ResearchGate: Robin P. Ennis
Kathleen Lynne Lane, Ph.D., BCBA-D is a professor in the Department of Special Education at the University of Kansas. She earned her master’s degree and doctorate in education from the University of California, Riverside. Her research interests focus on academic and behavioral school-based interventions with students at risk for emotional and behavioral disorders (EBD), with an emphasis on systematic screenings to detect students with behavioral challenges at the earliest possible juncture. She has designed, implemented, and evaluated comprehensive, integrated, three-tiered (Ci3T) models of prevention in elementary, middle, and high school settings to (a) prevent the development of learning and behavior challenges and (b) respond to existing instances. She has served as primary investigator on state and nationally funded grant projects, including Project Support and Include (Ci3T models of prevention), Project WRITE (writing interventions for students at risk for EBD), and Office of Special Education Programs projects studying positive behavior support at the high school level and prevention of EBD at the elementary school level. She is the co-editor of Remedial and Special Educationand the Journal of Positive Behavior Interventions. She has co-authored seven books, 26 book chapters, and published over 128 refereed journal articles.
ResearchGate: Kathleen L. Lane
Holly Mariah Menzies, Ph.D. is a professor in the Division of Special Education and Counseling at California State University, Los Angeles. She earned her master’s degree and doctorate in education from the University of California, Riverside. She has participated in research that uses behavioral screening instruments to examine risk status of students with and without disabilities. Her areas of interest include student learning outcomes assessment at the university level and she is active in institution-wide assessment of student achievement.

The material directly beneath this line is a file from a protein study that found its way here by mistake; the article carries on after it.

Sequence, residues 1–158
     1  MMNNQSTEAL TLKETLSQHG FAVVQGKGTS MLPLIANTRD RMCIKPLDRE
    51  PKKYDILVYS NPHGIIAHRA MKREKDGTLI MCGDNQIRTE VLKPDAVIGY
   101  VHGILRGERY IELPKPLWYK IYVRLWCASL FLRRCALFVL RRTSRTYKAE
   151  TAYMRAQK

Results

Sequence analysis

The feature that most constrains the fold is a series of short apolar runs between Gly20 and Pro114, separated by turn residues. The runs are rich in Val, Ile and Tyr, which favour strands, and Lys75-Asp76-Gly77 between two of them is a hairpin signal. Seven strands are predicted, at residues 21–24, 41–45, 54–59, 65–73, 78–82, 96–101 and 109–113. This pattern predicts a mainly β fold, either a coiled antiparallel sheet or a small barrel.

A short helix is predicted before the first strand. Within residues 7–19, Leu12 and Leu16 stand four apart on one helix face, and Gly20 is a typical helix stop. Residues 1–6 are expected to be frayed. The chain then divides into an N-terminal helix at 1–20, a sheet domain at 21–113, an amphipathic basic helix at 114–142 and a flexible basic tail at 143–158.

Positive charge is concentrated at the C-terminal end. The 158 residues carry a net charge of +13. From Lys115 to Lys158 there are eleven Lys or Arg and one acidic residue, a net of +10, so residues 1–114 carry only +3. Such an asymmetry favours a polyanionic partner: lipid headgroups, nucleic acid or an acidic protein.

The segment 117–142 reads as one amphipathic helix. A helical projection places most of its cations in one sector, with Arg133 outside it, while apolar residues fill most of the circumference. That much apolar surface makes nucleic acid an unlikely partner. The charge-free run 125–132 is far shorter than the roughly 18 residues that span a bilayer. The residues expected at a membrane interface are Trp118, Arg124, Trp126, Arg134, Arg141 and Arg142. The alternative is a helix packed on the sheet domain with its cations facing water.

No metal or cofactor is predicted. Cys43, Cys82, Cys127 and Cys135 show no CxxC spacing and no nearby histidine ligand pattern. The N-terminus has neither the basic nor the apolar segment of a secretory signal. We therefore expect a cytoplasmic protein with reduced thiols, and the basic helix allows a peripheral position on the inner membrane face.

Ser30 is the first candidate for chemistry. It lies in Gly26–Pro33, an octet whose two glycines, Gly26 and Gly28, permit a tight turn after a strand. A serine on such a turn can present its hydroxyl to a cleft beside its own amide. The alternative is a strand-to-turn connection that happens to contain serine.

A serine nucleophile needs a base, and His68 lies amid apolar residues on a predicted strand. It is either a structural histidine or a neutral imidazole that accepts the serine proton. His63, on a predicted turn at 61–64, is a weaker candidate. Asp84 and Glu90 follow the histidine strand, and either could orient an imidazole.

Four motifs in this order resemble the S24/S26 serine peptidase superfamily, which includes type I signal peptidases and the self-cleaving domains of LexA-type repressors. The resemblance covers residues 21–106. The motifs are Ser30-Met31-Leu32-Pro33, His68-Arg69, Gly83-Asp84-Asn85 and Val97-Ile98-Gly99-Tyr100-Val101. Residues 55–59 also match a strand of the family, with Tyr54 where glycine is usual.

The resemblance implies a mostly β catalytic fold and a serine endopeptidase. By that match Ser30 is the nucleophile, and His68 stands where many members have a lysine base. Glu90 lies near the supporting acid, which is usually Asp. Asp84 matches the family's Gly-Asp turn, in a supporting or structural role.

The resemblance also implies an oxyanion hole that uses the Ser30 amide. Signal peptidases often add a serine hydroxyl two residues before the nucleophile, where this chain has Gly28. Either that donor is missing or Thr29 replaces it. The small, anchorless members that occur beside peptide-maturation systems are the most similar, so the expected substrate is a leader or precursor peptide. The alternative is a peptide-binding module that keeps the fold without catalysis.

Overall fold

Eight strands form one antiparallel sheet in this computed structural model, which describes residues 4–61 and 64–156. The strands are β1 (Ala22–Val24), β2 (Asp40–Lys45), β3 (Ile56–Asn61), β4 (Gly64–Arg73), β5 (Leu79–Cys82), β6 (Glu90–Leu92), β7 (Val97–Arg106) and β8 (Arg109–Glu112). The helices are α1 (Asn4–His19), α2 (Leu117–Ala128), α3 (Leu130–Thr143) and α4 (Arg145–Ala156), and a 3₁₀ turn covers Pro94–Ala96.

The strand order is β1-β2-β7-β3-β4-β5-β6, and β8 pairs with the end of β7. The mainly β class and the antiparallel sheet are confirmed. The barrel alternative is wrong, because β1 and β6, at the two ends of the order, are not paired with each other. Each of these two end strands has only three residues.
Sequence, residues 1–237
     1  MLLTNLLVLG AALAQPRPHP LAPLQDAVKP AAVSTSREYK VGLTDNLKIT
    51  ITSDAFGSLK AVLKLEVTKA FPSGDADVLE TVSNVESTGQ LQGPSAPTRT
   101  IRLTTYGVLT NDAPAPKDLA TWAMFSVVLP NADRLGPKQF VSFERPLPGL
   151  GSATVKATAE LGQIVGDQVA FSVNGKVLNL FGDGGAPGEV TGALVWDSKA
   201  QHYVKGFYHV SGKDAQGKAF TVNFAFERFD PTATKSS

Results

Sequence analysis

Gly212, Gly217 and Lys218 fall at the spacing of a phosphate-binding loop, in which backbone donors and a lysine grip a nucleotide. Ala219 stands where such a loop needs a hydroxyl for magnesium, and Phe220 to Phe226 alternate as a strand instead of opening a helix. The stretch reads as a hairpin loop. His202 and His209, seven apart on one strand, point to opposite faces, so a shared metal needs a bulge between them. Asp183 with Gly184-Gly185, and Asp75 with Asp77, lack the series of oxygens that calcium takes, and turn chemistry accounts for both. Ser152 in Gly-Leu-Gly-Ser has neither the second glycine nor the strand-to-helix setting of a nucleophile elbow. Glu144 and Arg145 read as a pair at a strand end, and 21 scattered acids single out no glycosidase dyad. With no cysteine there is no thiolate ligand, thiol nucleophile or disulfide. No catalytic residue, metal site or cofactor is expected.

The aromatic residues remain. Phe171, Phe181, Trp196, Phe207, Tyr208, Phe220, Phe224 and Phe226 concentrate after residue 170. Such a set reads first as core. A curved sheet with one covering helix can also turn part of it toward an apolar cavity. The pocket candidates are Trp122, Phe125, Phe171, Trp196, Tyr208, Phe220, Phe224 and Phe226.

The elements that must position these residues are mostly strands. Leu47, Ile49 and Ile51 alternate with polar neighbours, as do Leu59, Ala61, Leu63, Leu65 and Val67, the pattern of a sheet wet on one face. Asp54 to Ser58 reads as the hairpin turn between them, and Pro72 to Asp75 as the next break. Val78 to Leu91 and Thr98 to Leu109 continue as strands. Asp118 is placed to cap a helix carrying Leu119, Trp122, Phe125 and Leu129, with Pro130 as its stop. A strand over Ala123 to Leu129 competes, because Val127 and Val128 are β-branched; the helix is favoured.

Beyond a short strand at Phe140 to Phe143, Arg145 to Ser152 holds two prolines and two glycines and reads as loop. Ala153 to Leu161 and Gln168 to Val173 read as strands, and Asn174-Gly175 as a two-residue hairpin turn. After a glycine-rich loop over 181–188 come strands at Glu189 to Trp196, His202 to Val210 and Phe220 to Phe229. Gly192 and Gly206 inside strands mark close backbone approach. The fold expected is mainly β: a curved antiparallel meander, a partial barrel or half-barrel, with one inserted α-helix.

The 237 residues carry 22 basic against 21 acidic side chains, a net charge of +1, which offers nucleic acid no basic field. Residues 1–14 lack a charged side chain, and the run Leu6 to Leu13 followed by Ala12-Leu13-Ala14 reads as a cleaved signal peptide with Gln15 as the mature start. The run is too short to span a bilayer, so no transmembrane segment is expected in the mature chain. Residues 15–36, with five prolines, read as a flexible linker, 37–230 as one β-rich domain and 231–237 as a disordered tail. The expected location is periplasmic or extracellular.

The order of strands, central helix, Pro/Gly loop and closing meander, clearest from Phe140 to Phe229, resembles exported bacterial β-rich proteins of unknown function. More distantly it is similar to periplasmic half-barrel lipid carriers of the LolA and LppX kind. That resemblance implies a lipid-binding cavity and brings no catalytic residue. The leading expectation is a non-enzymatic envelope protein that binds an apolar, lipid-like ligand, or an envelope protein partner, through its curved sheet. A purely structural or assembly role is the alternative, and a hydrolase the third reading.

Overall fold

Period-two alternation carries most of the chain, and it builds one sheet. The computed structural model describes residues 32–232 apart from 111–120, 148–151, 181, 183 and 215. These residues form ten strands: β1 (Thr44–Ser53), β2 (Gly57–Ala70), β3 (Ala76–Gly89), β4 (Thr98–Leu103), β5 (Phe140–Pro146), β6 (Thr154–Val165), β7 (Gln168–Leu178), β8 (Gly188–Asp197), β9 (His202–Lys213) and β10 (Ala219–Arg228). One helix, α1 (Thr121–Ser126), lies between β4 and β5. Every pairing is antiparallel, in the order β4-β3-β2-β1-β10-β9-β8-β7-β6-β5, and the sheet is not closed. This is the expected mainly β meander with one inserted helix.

ResearchGate: Holly M. Menzies
Wendy Peia Oakes, Ph.D. is an assistant professor in Mary Lou Fulton Teachers College at Arizona State University. She is interested in practices that improve the educational outcomes for young children with emotional and behavioral disorders. Her areas of research focus on school-wide systems for supporting students with and at risk for emotional and behavioral disorders from a prevention perspective, the implementation of evidence-based academic and behavioral interventions, and professional development for classroom teachers and school administrators in implementing these practices with fidelity. She serves as an associate editor for Remedial and Special Education and the Journal of Positive Behavior Interventions and the executive board for the Council for Children with Behavioral Disorders. She is a core team member of the Arizona School-based mental health Community of Practice.
ResearchGate: Wendy P. Oakes
David James Royer, M.S. is a fourth-year doctoral student at the University of Kansas, Department of Special Education. He earned his master’s degree in special education at California State University, Long Beach where he later was a part-time lecturer. Before moving to Kansas, David taught for eight years with Long Beach Unified School District in California, including general education English and reading (9th and 10th grades), Strategies for Success (resource specialist program, grades 9-12), and an intensive reading clinic using Lindamood-Bell curricula. His research interests center on systems change at the secondary level for academic, behavioral, and social success of all students and prevention of emotional and behavioral disorders and learning disabilities. David also promotes the use of low-intensity teacher-delivered strategies as part of daily teacher practice for primary (Tier 1) plan prevention and core instruction, and as secondary (Tier 2) interventions. Additionally, he is an advocate for student-directed individualized education programs (IEPs) and created My IEP™, a curriculum for teaching students to lead their full IEP meeting.
ResearchGate: David J. Royer